And that’s it. Clint will be a hero, despite his flaws, which makes issue #20 a bit perfunctory, heavy on plot rather than emotional transformation. The issue’s title is “Rio Bravo”—after the 1959 Howard Hawks western featuring four gunslingers versus a brutal rancher’s gang—and escalating action is the main event: Penny returns to complicate Clint’s life, the Tracksuits raid the building, the tenants defend their turf with siege tactics, and Aja choreographs brutal, ink-stained fight scenes. Hawkeye #22’s title is “El Dorado,” the name of a 1966 Hawks film that is essentially a remake of Rio Bravo, so presumably the siege will continue until all plot threads are tied up.
What conclusions have we reached about Hawkeye? I’ll reiterate that I find much of Hawkeye enjoyable and aesthetically accomplished; every Fraction/Aja issue is worthwhile, and I appreciate how Fraction braids motifs throughout individual stories and the series as a whole. Immediately before writing this paragraph, I flipped through a few random Hawkeye floppies, just to make sure I didn’t miss an image or a caption that should be included in this essay, and I stumbled across the following bit of dialogue from Kate and Kazi’s party conversation in #10:
Kate’s description of Clint as a “human car-crash” anticipates Clint’s origin story–which would also be drawn by Francesco Francavilla, albeit two issues later. Further, the notion of watching Clint make mistakes “again and again” is an elegant, one-sentence summary of the repeat-with-variation-and elaboration storytelling technique Fraction brings to issues #8-13. I love that I can dip into a typical issue of Hawkeye and find a tier of panels that vibrates not only with the frisson of scene-specific character interaction, but with connections to a larger network of motifs and themes. I don’t live in a town with a comic shop, but I’ll drive an hour on July 15th to buy a copy of Hawkeye #22.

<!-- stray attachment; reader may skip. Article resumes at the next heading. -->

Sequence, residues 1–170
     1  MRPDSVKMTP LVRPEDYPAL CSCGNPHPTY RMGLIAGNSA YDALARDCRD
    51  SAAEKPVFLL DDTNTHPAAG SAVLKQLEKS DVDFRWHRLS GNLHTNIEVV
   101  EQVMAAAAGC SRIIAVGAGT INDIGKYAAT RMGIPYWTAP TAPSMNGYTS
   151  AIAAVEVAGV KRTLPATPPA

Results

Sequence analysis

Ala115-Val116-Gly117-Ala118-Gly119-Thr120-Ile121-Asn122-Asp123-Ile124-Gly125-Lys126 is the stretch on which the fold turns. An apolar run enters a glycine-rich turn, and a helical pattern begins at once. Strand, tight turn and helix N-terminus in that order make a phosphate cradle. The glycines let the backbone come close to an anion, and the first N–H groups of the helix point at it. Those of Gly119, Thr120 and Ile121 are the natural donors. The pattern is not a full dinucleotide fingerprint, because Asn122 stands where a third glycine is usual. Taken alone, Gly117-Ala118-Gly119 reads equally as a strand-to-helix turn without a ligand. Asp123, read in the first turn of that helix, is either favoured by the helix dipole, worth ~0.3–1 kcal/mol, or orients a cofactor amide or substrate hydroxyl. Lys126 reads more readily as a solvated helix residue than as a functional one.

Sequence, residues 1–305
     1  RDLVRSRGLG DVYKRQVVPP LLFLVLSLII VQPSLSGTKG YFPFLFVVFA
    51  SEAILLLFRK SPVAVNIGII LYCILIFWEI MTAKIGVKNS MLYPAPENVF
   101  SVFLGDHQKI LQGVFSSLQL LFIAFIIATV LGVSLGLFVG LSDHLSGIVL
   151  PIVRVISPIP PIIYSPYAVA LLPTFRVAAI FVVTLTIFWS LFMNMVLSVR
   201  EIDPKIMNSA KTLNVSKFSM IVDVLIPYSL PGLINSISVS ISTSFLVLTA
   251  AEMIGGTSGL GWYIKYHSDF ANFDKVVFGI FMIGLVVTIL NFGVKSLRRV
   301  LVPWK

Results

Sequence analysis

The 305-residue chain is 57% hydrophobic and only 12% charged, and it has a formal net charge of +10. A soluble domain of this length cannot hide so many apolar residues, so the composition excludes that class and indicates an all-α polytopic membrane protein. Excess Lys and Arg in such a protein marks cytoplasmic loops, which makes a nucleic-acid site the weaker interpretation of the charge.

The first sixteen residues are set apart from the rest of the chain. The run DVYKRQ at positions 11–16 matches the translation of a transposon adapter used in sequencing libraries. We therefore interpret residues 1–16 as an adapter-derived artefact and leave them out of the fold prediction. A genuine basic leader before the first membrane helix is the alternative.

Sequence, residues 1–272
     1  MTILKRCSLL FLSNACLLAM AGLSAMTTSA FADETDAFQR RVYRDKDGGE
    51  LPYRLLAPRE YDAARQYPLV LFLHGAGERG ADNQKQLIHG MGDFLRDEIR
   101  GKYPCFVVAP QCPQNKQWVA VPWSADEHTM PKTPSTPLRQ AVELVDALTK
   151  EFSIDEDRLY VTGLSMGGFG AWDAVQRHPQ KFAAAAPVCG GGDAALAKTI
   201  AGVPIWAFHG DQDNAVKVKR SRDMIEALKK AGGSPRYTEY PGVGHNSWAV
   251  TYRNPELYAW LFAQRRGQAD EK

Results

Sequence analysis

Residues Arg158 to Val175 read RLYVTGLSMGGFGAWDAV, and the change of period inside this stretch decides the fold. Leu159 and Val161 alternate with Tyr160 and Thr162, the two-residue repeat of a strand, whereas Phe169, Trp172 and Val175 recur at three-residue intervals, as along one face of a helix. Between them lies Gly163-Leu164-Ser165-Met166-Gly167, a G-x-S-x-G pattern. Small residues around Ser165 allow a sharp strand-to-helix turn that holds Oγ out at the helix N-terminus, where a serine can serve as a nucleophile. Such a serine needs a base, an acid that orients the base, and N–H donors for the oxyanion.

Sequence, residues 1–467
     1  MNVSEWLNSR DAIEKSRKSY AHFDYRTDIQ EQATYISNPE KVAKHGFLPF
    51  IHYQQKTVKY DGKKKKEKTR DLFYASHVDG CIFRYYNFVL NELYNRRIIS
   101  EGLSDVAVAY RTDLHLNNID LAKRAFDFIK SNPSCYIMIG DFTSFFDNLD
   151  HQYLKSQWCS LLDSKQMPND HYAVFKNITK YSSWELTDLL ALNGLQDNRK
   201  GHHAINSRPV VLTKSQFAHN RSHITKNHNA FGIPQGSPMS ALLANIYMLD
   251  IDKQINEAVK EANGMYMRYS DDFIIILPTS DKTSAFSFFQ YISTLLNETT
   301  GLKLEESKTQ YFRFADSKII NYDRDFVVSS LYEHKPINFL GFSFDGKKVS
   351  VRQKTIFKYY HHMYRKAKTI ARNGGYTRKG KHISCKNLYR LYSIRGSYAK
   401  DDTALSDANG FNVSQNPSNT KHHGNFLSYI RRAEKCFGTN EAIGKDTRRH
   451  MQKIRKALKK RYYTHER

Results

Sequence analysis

Even so, perhaps Hawkeye‘s permanent legacy will be how Fraction and Aja pushed the idea of the regularly published “mainstream” comic book past its breaking point. Fraction, Aja and Marvel kept up the fantasy of a monthly title for too long, and I dream of a better world where Hawkeye wasn’t plagued by fill-ins, artistic inconsistencies, and false promises of clockwork production. (Marvel should’ve hired Fraction and Aja to do a single, 48-page Hawkeye graphic novel every year, and no more.) Meanwhile, Hawkeye #22 will be, for the time being, Fraction’s last Marvel book. Despite Marvel’s efforts to keep him happy (like the publication of Casanova through Icon, Marvel’s creator-owned imprint), Fraction has defected to Image, where he gets full ownership over all his writing, bigger royalties, and the freedom to co-create blockbusters like Sex Criminals and smaller, odder books like Satellite Sam (which reads like a Howard Chaykin fanfic fortuitously drawn by Chaykin himself) and Ody-C (which would be a dynamite serial for late-’70s Heavy Metal). As I return to ignoring the Marvel movies and most of what Marvel publishes, I hope Hawkeye is just a warm-up for stranger and greater art from Fraction and Aja.
In spring 2015, I taught a sophomore Honors seminar in comics and graphic novels at Appalachian State University. As part of this class, I assigned Hawkeye as a serial text, with the students reading and talking about an issue or two each week. I’m sure that some of the observations in my essay came up during our class discussions, although weeks later it’s impossible for me to trace specific ideas to individuals. I’m grateful to all my Honors students for joining in the discussion. The students in that class were Ben Baker, Marit Barber, Miranda Broussard, Emily Brown, Allie Cairelli, Dylan Crowe, Zach Durham, Angela Gazzillo, Nick Gilliam, Katie Howell, Lauren Kennedy, Austin King, Erin Muir, Jabari Myles, Sara Mylin, Zach Pruitt, Jared Stratton, and Rachel Tapia. Thanks to all.